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Hall Bartlett

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NEWS
September 16, 1993 | BURT A. FOLKART, TIMES STAFF WRITER
Hall Bartlett, whose films generally proved to be imaginative and provocative, if not commercially successful, has died. A family spokesman said Wednesday that the writer-producer-director of such cult favorites as "Changes" and "The Children of Sanchez" was 71 when he died Sept. 8 en route to UCLA Medical Center from his home in Los Angeles. Bartlett had undergone hip surgery and the spokesman said he may have died of complications. An autopsy is pending.
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NEWS
September 16, 1993 | BURT A. FOLKART, TIMES STAFF WRITER
Hall Bartlett, whose films generally proved to be imaginative and provocative, if not commercially successful, has died. A family spokesman said Wednesday that the writer-producer-director of such cult favorites as "Changes" and "The Children of Sanchez" was 71 when he died Sept. 8 en route to UCLA Medical Center from his home in Los Angeles. Bartlett had undergone hip surgery and the spokesman said he may have died of complications. An autopsy is pending.
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ENTERTAINMENT
April 1, 1988 | JACK MATHEWS
The first entry in Hall Bartlett's journal is dated Sept. 15, 1985. It reads: "I have really painted myself into a corner now. The idea for the novel, a monkey on my back for more than a year now, has gotten very demanding." The last entry may not be written until his miniseries, adapted from his novel, is finished and Bartlett becomes consumed with Novel No. 2 . . . and Adapted Miniseries No. 2 . . . and Novel No. 3 . . . and . . . .
ENTERTAINMENT
April 1, 1988 | JACK MATHEWS
The first entry in Hall Bartlett's journal is dated Sept. 15, 1985. It reads: "I have really painted myself into a corner now. The idea for the novel, a monkey on my back for more than a year now, has gotten very demanding." The last entry may not be written until his miniseries, adapted from his novel, is finished and Bartlett becomes consumed with Novel No. 2 . . . and Adapted Miniseries No. 2 . . . and Novel No. 3 . . . and . . . .
NEWS
June 26, 1988 | MARY LOU LOPER, Times Staff Writer
Small, intimate luncheons are being scheduled Tuesday and Wednesday in the homes of board members to celebrate the 20th birthday of the Music Center's Blue Ribbon. The affairs are designed to provide members with one-on-one conversation and an opportunity to meet other members. An all-member event headed by newly elected president Joanne Kozberg, who takes office July 1, is planned for the fall to culminate the 20th anniversary. Current Blue Ribbon president Keith Kieschnick will be a hostess.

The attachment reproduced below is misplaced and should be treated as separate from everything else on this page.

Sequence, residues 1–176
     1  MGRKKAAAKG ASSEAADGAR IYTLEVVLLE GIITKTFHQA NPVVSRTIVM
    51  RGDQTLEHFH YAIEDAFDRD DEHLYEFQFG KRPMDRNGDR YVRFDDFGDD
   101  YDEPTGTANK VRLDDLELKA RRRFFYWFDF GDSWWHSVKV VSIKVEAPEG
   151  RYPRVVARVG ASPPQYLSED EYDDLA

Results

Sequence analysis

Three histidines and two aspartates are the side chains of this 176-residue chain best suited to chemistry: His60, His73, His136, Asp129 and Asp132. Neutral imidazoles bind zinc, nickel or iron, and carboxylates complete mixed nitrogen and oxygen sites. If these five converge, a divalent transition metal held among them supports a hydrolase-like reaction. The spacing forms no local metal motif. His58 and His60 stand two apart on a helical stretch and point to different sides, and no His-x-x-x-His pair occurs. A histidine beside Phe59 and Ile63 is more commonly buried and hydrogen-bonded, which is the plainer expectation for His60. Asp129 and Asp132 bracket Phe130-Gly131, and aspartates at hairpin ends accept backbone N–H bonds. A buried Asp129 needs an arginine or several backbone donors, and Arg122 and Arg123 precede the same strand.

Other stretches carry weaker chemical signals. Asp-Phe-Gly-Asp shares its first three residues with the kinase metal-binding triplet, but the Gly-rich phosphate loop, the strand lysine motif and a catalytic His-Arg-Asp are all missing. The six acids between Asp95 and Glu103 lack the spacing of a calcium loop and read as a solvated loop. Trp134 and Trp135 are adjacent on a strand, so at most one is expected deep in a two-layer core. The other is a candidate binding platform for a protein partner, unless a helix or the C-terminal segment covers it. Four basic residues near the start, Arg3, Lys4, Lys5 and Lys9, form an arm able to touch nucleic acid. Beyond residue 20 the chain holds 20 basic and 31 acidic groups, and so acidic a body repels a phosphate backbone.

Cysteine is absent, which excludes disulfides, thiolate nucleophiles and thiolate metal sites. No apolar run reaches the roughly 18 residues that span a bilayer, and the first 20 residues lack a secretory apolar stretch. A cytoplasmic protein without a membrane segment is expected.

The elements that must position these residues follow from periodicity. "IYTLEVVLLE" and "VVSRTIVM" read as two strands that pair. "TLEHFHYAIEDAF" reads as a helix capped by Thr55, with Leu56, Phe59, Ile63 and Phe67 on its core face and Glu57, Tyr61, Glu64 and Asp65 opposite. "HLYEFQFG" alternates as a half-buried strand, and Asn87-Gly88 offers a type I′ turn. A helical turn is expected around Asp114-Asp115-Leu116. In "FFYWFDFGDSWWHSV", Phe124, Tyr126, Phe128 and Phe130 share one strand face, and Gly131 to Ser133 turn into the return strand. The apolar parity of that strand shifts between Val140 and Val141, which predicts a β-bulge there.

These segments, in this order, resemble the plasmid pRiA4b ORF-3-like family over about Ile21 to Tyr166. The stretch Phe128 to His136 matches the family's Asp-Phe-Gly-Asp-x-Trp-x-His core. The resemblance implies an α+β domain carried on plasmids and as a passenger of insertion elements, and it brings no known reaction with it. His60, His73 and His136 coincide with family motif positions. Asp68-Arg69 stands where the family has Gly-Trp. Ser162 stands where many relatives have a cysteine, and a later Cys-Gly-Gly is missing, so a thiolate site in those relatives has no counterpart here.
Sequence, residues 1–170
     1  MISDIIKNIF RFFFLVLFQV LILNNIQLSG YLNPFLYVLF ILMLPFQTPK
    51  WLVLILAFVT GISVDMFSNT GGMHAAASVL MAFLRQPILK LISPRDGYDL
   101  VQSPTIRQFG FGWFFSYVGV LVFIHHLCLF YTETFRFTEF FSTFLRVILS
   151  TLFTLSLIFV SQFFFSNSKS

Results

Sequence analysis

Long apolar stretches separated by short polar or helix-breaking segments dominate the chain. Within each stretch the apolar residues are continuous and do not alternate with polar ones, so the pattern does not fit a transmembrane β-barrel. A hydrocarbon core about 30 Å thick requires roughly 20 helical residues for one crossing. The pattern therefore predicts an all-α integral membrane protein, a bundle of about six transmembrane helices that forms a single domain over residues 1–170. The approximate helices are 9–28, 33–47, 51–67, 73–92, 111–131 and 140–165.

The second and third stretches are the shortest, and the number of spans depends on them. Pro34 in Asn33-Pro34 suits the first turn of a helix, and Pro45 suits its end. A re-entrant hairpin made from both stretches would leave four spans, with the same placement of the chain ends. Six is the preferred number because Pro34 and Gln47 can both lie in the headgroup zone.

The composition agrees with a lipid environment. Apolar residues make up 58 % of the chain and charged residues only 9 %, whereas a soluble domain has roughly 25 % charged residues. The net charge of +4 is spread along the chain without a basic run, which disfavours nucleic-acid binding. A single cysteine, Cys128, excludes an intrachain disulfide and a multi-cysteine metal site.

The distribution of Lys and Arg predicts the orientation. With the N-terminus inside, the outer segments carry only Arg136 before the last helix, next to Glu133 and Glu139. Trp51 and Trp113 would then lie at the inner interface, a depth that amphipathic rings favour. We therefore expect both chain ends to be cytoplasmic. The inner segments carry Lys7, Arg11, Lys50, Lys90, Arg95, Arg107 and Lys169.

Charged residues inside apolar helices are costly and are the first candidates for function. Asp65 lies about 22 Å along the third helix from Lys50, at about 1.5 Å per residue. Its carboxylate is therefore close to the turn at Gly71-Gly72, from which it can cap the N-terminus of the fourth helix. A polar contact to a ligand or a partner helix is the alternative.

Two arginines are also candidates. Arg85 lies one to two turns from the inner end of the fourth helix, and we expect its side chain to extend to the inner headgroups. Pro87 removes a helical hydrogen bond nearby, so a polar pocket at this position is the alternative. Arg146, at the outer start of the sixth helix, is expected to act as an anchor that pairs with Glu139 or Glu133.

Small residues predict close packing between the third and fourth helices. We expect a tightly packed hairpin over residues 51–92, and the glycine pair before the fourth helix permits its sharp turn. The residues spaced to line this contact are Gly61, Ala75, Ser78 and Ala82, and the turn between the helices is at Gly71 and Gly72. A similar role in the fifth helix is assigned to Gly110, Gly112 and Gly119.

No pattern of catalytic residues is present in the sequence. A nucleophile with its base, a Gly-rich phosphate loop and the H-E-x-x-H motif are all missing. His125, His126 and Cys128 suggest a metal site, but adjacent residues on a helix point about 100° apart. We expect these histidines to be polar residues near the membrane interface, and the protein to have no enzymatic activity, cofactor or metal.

ENTERTAINMENT
November 9, 1985
Christopher Lambert first came to our attention when he swung down from the trees of West Africa to wind up as lord of an English manor in the movie "Greystoke: The Legend of Tarzan. . . . " But where do you go from there? Friends soon tire of ape impersonations. And Lambert, who lives simply, was determined not to fall into the same trap as earlier Tarzans like Johnny Weissmuller and Lex Barker, who never escaped the image.
NEWS
February 22, 1985 | JODY JACOBS
Since he first took on the job of masterminding the 1984 Olympic Games here, Peter Ueberroth's life has been on a high roll. Once the Games were over, he accepted the job of commissioner of baseball, he made the cover of Time magazine as "Man of the Year" and he's been wined and dined and celebrated everywhere. Now it's USC's turn to pay tribute to the Olympic superman.
ENTERTAINMENT
October 10, 1991 | KEVIN THOMAS, TIMES STAFF WRITER
Despite the large number of people of Mexican descent living in Los Angeles, the Mexican cinema remains one of the least known to critics as well as to foreign-film fans. Even the most commercial Mexican movies, a staple of downtown theaters for decades, have been all but edged out by Hollywood pictures with Spanish subtitles.
ENTERTAINMENT
June 3, 1990 | SEAN MITCHELL
One Thursday morning in January of this year, the manuscript of a new novel by Warren Adler, "Private Lies," was sent out by messenger from the Triad Artists agency in Century City to 15 Hollywood studios and producers so that the movie companies could bid for the rights to turn the novel into a film. The manuscript had not yet been delivered (or even sold) to a publisher, but that mattered not a whit in Hollywood, where a bounty was already being offered by eager producers for purloined copies.
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